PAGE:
M. Zabel, G. Fischer, M. Kuypers, G. Mollenhauer
R. Amann, A. Basse, f. Ferdelman, T. Goldhammer, M. Holtappels, M. Iversen, G. Lavik, N. Nowald, V. Ratmeyer
The major goal of GB1 is to identify and quantify the controlling processes for transport of organic matter from the ocean surface to and within the sea floor sediment. This involves investigations of the physical transport mechanisms and biological degradation and remineralization processes organic particles in the water column and surface sediments (Fig. 1).
The relative rates of production and degradation of organic carbon during its transit from productive surface waters to the sediments determine the efficiency of the biological pump. Microbial and zooplankton activities drive high rates of organic consumption and remineralization in the euphotic zone; however, newly-developed imaging techniques suggest a clear spatial separation of net primary production, aggregate formation, and the consumption of organic sinking particles within the euphotic zone. The majority of organic matter recycling and flux attenuation occur in the deep euphotic zone and upper mesopolagic zone (Fig. 2). However, several processes below the euphotic zone may be of importance for the efficiency of biological pump and, hence, the burial of residual organic matter in sediments (see also GB2), e.g. deeper nepheloid layers, the benthic boundary layer, and surface sediments.
It is clear that ecosystem respiration and bacterial abundance are closely linked in particle-rich layers, but the rate-limiting steps in organic matter degradation are poorly understood. Many questions remain concerning the microbial contribution to key processes: redox reactions, chelation, particle formation, sorption and desorption to organic and inorganic particles that are involved in C, Fe, and P regeneration. For example, direct evidence for the participation of bacteria in phosphate sequestration into minerals has only recently become available. The intracellular storage of polyphosphate in large sulfur bacteria and the formation of apatite may be linked to local geochemical conditions (e.g., Ca2+ to Cl- ion balances). The complex interactions between biogeochemical processes and biotic as well as abiotic conditions, their effects on ocean geochemical dynamics, and the magnitude of microbial transfer rates are the main focus of project GB1, which is crosslinked to GB2 and CCP3.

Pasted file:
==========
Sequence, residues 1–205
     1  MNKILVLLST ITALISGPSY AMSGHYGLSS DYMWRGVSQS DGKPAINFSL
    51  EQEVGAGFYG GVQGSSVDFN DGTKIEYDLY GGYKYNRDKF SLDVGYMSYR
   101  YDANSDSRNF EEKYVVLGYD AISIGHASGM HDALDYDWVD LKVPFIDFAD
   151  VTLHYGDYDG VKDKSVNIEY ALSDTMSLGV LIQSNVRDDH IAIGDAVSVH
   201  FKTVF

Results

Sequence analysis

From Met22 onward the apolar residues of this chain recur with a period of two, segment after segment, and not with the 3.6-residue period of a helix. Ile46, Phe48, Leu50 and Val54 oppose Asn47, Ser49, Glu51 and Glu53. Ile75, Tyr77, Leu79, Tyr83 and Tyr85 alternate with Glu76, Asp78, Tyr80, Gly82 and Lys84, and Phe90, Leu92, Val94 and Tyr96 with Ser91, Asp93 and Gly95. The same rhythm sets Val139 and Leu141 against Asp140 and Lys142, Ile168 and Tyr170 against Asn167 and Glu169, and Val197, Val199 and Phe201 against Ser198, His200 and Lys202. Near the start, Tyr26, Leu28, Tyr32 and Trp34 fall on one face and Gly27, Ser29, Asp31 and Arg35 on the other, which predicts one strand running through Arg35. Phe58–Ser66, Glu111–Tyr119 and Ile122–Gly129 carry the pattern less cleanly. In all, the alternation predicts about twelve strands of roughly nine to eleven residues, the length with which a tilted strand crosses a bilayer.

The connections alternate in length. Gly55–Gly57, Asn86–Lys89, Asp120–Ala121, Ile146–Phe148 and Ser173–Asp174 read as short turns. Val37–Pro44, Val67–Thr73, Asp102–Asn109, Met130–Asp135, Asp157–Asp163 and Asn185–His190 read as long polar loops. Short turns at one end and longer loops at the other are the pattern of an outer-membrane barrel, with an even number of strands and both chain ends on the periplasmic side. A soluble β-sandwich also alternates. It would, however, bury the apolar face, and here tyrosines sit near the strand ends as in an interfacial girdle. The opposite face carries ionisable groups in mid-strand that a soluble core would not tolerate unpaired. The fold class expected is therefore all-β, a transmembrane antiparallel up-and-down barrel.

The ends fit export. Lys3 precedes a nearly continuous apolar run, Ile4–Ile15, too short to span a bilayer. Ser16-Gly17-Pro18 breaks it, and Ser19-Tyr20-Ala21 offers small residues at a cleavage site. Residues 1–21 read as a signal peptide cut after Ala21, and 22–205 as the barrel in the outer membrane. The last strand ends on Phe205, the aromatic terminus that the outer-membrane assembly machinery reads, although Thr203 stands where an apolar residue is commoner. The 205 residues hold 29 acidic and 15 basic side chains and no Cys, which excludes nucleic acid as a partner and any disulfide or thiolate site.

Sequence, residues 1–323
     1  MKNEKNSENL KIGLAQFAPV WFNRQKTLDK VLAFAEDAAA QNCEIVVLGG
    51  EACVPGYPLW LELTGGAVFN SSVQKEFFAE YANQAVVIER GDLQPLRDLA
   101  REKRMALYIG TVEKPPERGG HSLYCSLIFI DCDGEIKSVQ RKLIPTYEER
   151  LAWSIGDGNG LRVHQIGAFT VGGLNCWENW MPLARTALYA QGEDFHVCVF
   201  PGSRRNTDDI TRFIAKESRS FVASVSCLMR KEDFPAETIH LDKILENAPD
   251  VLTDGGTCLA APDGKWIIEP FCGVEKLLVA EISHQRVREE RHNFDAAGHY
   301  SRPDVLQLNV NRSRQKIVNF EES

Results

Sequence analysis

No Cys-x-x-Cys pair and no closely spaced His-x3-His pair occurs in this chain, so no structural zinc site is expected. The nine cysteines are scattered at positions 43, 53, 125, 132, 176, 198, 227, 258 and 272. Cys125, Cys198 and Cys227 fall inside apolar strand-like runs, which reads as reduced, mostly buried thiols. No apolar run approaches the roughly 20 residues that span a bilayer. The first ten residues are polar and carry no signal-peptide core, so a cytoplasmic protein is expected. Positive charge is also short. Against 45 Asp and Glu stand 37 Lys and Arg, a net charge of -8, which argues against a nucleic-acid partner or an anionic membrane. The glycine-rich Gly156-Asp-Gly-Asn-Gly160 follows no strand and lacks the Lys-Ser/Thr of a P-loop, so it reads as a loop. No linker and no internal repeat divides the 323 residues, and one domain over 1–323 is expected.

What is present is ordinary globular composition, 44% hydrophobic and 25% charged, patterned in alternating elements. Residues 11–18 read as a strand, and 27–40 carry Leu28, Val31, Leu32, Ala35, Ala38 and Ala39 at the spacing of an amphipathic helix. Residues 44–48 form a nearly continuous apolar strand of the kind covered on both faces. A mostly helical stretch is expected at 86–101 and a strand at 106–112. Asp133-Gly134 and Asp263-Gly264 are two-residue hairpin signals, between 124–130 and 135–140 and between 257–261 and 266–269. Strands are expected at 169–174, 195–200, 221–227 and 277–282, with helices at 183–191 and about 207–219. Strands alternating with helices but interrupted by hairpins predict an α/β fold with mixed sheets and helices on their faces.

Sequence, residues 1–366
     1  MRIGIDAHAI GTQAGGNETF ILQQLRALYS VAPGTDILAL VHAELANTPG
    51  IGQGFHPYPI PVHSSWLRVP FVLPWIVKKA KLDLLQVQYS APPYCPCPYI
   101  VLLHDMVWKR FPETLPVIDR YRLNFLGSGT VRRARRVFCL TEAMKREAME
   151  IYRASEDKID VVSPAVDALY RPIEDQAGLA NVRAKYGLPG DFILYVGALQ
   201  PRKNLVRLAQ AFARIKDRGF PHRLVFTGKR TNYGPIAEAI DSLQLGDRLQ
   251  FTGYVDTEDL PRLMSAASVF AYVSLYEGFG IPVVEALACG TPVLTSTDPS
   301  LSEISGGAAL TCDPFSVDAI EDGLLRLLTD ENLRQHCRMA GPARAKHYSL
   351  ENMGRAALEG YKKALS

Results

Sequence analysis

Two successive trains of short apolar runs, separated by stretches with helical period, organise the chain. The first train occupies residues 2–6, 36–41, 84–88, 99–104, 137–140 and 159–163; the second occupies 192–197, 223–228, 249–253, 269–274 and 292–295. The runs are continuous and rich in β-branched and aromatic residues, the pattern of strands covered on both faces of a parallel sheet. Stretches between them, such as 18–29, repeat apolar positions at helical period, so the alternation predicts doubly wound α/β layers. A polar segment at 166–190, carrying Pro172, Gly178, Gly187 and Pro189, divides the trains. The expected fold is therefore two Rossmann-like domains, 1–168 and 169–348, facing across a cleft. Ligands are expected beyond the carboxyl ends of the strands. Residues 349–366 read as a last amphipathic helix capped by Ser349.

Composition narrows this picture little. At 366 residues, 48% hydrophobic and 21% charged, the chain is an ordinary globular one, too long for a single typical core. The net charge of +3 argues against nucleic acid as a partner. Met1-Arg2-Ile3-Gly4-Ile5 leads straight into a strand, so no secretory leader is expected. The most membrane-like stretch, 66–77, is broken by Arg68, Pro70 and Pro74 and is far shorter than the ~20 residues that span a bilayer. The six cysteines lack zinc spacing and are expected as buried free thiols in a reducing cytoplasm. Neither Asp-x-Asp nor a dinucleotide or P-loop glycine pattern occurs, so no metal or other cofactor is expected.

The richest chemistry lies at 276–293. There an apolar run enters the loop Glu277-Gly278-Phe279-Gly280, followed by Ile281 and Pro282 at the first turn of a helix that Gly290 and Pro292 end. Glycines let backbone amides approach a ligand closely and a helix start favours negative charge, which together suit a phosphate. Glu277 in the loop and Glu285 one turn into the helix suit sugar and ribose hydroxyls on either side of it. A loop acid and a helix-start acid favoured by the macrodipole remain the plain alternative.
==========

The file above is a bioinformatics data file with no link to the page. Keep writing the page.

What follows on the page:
- The majority of particle-associated carbon turnover and nutrient regeneration in the water column occurs in distinct depth layers.
- The environmental conditions within distinct layers influence the physiology and/or community composition of key organisms responsible for particle degradation and ultimately the chemical composition of these particles
- The microbial contribution to the closely coupled cycles of Fe and P during transformations between inorganic and organic pools have been strongly underestimated